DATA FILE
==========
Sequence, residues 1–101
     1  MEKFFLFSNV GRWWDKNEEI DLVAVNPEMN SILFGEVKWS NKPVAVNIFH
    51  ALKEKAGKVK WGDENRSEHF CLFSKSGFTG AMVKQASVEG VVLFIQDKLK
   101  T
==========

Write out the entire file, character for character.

Sequence, residues 1–101
     1  MEKFFLFSNV GRWWDKNEEI DLVAVNPEMN SILFGEVKWS NKPVAVNIFH
    51  ALKEKAGKVK WGDENRSEHF CLFSKSGFTG AMVKQASVEG VVLFIQDKLK
   101  T